'We have pressure sores.' What it's like in Melbourne's COVID-19 hospital wards right now.

Last week I started working in a COVID-19 positive ward, where patients have either been rescued or transferred from care facilities around Victoria. 

My mum took this photo of me through an inch wide window, in a door separating the COVID ward from the theatre department where she works. Seeing me in full Personal Protective Equipment (PPE), through a locked door that’s been sealed with hazard tape (and all other COVID things going on), was all too much. 

"My mum took this photo of me through an inch wide window." Image: Supplied. 

She is proud of me, but she is scared. Naturally, I tried to smile under my mask, give the thumbs up and show her I’m okay. But as I see the tears roll down her face, the seriousness of the situation hits home and I find myself tearing up too. 


I want to rip off my gown and mask, jump through the door and hug her to make her feel better. Instead I put my hand to the glass, and she does the same, as more tears roll down her face. I hold back my own because in this area, you don’t dare touch your face at any point.

I also know that for me, this period of not being with my family has an end date. For some of the people I’m caring for, they haven’t physically seen or touched a family member since February, and some may not get that chance again. These people have been kept isolated in their rooms for months, they’ve only seen masks and gowns, only touched gloves, and only heard their loved ones' voices through devices for a few minutes a day. 

It’s heartbreaking to hold their hand while they cry and see their daily struggle, so I won’t shed a tear for my situation, because in this PPE I can’t even shed a tear for theirs.

Listen: Stories from inside Melbourne's stage four lockdown. Post continues below.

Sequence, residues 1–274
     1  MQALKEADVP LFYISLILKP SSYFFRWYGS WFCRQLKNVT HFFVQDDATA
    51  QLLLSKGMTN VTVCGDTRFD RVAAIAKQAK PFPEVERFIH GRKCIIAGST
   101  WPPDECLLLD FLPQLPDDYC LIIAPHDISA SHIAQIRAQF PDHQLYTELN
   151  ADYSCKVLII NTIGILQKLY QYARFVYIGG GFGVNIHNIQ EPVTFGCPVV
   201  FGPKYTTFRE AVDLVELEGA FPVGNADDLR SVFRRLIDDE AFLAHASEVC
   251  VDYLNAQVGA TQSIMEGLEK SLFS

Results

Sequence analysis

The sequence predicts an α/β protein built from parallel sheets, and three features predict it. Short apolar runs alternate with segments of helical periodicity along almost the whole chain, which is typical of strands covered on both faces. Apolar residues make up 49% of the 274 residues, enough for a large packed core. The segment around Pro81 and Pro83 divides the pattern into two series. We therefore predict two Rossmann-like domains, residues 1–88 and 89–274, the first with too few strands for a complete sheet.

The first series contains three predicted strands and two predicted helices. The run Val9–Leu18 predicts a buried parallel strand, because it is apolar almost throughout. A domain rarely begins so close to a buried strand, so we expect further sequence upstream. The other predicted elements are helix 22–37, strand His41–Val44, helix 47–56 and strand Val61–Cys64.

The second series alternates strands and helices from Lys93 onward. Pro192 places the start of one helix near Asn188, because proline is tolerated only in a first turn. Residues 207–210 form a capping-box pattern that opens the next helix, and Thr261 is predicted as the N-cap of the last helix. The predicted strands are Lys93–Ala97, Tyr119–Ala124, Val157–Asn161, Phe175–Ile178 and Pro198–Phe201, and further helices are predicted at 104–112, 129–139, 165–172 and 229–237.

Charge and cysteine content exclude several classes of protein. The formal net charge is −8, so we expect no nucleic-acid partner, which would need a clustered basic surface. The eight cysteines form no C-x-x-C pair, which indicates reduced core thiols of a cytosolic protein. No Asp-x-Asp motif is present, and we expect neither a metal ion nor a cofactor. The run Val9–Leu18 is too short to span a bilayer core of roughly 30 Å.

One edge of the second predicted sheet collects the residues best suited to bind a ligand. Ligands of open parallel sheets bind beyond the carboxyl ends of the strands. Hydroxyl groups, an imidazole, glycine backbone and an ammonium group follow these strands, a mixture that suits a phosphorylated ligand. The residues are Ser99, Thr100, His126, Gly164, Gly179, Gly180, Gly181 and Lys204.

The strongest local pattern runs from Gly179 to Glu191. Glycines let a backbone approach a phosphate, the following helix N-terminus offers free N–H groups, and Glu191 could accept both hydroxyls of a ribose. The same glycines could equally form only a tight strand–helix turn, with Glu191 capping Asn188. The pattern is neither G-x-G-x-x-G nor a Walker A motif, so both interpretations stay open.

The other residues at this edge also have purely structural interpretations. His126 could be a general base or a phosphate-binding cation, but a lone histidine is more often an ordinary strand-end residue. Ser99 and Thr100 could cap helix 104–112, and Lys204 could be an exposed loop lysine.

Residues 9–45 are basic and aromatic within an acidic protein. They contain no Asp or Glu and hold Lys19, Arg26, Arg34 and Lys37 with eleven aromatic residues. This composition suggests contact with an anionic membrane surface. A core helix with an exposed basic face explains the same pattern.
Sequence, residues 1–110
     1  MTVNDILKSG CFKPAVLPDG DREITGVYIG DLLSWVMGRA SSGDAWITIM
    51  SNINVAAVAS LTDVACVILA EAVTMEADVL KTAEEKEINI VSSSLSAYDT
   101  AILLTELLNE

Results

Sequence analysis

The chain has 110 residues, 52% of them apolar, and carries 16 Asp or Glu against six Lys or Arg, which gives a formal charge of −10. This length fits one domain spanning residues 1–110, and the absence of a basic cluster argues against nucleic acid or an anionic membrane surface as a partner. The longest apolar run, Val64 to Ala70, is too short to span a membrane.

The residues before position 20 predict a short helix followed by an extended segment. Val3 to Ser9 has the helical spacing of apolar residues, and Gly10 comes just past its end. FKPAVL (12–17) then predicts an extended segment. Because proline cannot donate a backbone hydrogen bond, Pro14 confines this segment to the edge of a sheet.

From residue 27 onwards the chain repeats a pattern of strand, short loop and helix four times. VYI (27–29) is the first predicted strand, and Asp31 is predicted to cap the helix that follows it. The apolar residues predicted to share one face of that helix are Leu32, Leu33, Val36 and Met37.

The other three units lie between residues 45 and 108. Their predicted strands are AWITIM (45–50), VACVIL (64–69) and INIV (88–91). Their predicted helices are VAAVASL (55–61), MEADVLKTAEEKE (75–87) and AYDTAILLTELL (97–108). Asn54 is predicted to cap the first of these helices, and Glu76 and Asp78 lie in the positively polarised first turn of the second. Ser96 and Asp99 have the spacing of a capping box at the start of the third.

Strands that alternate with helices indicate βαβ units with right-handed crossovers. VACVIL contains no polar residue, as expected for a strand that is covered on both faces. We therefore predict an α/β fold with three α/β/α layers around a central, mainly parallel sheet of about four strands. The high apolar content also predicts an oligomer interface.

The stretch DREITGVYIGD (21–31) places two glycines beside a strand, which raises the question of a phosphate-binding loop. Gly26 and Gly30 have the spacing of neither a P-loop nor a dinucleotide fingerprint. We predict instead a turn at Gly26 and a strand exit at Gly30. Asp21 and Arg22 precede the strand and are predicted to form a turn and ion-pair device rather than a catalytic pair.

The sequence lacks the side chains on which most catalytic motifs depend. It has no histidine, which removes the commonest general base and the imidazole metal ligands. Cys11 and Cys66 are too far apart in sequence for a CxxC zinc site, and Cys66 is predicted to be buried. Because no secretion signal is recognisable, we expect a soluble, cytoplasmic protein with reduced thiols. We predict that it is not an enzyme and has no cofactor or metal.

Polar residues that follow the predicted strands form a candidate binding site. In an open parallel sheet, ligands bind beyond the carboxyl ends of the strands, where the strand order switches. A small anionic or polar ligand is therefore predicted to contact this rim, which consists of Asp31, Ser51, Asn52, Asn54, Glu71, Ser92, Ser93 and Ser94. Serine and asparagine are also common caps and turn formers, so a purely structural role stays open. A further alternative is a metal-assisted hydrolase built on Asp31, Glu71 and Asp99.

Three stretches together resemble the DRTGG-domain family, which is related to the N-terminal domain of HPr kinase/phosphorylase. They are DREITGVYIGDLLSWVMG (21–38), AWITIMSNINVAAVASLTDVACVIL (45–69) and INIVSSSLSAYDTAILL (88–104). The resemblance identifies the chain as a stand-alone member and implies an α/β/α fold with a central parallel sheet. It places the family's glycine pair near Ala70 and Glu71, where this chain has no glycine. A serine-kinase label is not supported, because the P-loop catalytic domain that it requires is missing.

The PPE is horrible; the plastic gowns are hot and sweaty and they stick to your skin. I have pressure sores in between my thumbs and index fingers from where the thumb holes have been pulling because the arm lengths are too short. But as soon as you take one gown off after being with a patient, you’re not comfortable again until you’ve put a fresh gown back on and feel protected again. 

Our hands are turning raw with the constant hand washing and sanitising. The N95 masks are claustrophobic, cutting into our skin and giving us pressure sores on our noses, cheeks and ears, rashes on our faces, yet we pull them tighter because they’re saving us from the same fate as our patients. We see each other hurting yet we don’t complain; one look at our patients and we don’t feel any of our own pain anymore. 

People ask how I drew the short straw to work here....I didn’t. I offered. These people, our most vulnerable people, have been let down by a greater community not heeding the warnings. They have done nothing wrong, yet they pay the price of Victoria ignoring the seriousness of this virus.


Watch: A young Melbourne nurse on testing positive to COVID-19. Post continues below. 

When we ask ourselves years down the track, ‘What did I do to help when COVID spread across the world?’, I can say that I actually used my training, and directly helped. 

For you, the public, staying home and wearing a mask is the very small thing we ask of you to help. So please, don’t complain about those soft masks across your face that you wear for 30 minutes when grocery shopping, and cherish the time at home knowing the air you breathe is clean.

If you are one of the people planning secret gatherings and preaching your own personal ‘rights’ over everyone else’s safety, you need to take a long hard look at yourself, or better yet, our patients. Take a walk through any hospital's COVID ward and then tell us about how much this pandemic has inconvenienced you. 

I dare you. 

This article was originally posted to Caity Scott's Facebook and was republished here with full permission. You can view the original post here

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